Four facets to a secure enterprise messaging application

As more companies tap into enterprise messaging services, certain security considerations arise. Encryption, for instance, is a core requirement for any service.

Facebook said last month its messaging service now has 1.2 billion monthly active users. Messaging, it seems, is now the biggest trend in communications, and it's found its way into enterprises.

In many cases, enterprise messaging takes place in consumer-facing applications, such as WhatsApp or Facebook Messenger. In other cases, a dedicated enterprise messaging application, such as Slack, is used.

As with any growing tech trend that finds a place in the enterprise, the security considerations are also magnified. When picking an enterprise messaging application for your business, consider these key elements:

End-to-end encryption. Encryption is the basic requirement for any enterprise messaging application. Encryption has different levels and is spread across the messaging service.

To make sure messages are secure, you need to ensure the history stored on the device and by the messaging service is secure. This is done, first and foremost, by encrypting the information. You also need to make sure messages are encrypted in transit -- either on the network or passing through the messaging service provider.

Today, most popular messaging services are moving toward end-to-end encryption, where the servers along the route can't decrypt and read the contents of the messages. For an enterprise messaging application, end-to-end encryption is a desired outcome, especially when relying on cloud services and third-party servers to manage and route messages.

This illustration shows the key security points:

Messaging security

Two-factor authentication. Messaging security is not just about encryption. With two-factor authentication, when you sign into a service and authenticate yourself, it will ask you for two things: something you know and something you own. Usually, the something you know is a password, and something you own is your phone.

In two-factor authentication, users need to enter a one-time password created by an SMS or email that's sent at the time of signing in. An authenticator application, such as Google Authenticator, can also send one-time passwords.

In these cases, users rely on phone security, including PIN code and device encryption, to act as the security mechanism on mobile devices. But users can also sign in from laptops, desktops or new devices, which create other security concerns.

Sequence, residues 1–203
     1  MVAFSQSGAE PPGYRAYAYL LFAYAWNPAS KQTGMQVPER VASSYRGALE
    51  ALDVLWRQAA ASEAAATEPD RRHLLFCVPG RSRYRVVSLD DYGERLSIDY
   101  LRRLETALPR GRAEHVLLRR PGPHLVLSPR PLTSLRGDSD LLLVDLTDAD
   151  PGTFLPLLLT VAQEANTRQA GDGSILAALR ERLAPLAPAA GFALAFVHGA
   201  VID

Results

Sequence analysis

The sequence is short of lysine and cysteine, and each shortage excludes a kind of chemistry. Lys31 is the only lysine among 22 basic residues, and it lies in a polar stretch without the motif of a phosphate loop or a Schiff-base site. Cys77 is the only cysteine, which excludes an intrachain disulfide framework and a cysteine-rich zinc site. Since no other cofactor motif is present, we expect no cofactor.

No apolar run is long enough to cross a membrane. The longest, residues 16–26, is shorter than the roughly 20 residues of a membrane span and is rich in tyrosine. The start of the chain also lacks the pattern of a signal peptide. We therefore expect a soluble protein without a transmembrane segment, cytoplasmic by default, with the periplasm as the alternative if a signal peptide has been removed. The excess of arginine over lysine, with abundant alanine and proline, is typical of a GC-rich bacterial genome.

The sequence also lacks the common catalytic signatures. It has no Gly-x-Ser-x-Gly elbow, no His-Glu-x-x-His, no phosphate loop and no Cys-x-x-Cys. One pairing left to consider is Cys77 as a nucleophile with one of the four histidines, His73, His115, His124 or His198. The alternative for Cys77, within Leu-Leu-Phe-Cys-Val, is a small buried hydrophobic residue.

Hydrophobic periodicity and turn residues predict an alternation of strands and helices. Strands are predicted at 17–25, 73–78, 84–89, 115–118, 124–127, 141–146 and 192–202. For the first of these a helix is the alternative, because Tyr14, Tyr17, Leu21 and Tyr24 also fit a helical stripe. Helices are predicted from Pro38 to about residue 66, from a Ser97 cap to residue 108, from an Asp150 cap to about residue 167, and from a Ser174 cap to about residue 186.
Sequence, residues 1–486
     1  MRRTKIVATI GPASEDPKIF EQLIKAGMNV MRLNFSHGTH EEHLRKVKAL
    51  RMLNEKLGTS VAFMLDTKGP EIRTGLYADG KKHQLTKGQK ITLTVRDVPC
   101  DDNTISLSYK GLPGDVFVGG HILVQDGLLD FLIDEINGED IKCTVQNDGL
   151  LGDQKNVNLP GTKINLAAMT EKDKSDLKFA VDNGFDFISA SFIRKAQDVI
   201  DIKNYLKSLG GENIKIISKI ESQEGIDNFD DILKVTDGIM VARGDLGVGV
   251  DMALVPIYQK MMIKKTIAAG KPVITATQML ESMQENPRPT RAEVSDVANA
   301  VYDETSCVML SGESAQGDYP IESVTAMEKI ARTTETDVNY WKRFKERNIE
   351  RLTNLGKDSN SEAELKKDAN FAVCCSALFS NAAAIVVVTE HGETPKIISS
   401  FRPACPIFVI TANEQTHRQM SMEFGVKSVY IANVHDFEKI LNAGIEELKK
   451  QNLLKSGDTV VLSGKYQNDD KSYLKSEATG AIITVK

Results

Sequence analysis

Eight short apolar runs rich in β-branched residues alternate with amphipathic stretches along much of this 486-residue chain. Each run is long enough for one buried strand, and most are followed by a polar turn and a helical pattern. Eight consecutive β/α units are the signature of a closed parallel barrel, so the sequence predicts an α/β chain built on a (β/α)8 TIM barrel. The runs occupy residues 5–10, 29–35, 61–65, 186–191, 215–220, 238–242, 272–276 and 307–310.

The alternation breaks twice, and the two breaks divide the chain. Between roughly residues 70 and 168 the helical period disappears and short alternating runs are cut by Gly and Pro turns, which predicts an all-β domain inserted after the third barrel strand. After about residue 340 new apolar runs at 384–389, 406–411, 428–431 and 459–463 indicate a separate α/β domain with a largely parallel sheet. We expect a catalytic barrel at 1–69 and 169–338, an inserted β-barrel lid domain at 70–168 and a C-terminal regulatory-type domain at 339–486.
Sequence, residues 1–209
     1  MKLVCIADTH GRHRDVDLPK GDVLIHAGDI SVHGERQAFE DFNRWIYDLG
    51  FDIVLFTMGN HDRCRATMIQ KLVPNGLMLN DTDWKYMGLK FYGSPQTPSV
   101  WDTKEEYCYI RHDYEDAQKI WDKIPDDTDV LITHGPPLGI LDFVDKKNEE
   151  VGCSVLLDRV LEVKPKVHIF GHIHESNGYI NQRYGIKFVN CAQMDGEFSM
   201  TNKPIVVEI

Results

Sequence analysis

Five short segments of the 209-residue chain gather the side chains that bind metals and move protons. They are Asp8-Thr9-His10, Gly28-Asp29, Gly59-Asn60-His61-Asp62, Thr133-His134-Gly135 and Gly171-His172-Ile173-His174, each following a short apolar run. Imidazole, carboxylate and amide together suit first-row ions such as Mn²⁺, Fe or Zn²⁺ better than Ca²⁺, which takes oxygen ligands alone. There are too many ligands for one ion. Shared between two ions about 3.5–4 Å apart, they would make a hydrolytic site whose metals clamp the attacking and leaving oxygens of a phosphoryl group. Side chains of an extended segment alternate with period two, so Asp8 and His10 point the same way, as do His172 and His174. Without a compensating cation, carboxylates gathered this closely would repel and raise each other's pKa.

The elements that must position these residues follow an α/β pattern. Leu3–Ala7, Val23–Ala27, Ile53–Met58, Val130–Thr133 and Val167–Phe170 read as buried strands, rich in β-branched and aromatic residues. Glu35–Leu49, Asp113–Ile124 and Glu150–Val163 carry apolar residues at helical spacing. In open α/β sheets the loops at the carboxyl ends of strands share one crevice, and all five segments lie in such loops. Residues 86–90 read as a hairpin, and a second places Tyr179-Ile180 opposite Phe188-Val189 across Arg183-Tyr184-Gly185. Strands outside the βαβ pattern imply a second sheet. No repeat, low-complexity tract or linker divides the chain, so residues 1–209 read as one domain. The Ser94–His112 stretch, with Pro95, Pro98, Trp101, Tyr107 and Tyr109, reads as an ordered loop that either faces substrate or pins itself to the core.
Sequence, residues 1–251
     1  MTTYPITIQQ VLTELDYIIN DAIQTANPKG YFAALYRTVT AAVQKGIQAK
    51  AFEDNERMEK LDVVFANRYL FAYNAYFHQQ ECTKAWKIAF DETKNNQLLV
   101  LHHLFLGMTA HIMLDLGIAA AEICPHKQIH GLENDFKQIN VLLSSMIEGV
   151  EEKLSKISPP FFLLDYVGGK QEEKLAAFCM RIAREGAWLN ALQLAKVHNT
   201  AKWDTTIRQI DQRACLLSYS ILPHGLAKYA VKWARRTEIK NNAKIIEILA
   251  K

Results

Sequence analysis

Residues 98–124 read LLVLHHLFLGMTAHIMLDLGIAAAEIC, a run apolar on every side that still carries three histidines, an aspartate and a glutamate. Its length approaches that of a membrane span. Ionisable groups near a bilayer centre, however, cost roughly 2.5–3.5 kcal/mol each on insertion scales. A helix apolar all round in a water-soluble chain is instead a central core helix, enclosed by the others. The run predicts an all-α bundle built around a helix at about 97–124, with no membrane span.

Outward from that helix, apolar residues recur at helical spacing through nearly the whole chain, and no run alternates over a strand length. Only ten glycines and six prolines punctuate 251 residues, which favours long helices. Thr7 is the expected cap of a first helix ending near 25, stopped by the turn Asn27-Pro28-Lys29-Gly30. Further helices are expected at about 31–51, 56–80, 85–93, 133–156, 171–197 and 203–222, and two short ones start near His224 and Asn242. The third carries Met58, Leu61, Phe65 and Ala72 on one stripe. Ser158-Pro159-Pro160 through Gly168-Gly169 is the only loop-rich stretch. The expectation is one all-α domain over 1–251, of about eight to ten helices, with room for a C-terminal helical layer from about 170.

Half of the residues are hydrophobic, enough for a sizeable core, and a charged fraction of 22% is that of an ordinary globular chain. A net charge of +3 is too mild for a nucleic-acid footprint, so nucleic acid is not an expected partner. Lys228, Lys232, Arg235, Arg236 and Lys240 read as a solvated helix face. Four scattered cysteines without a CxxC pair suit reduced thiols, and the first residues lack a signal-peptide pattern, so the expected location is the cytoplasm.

Two-factor authentication is one of the easiest ways to improve security and protect corporate data, especially if employees are pwned and their passwords are hacked on another service and used to access the corporate messaging app.

Single sign-on (SSO). Employees join and leave companies all the time. Maintaining an up-to-date corporate directory is hard, and trying to synchronize it manually with a messaging service is doubly difficult.

SSO helps authenticate users and lets them use one set of login credentials, such as name and password, to access multiple applications. On the back end, SSO logs user activities and monitors user accounts.

By using SSO, you can ensure users are authorized through your corporate directory instead of a copy of the directory managed by the messaging service vendor. This means authorization and authentication will be handled in one place.

Policies, governance and compliance. Certain industries have their own regulations and requirements for digital communications. The most popular example is the Health Insurance Portability and Accountability Act, a U.S. standard for protecting sensitive patient data.

If you are in a regulated industry, make sure your enterprise messaging application supports industry regulations -- and does so in a user-friendly fashion. You want to ensure your employees use the messaging service you selected and not a consumer-oriented messaging app instead.

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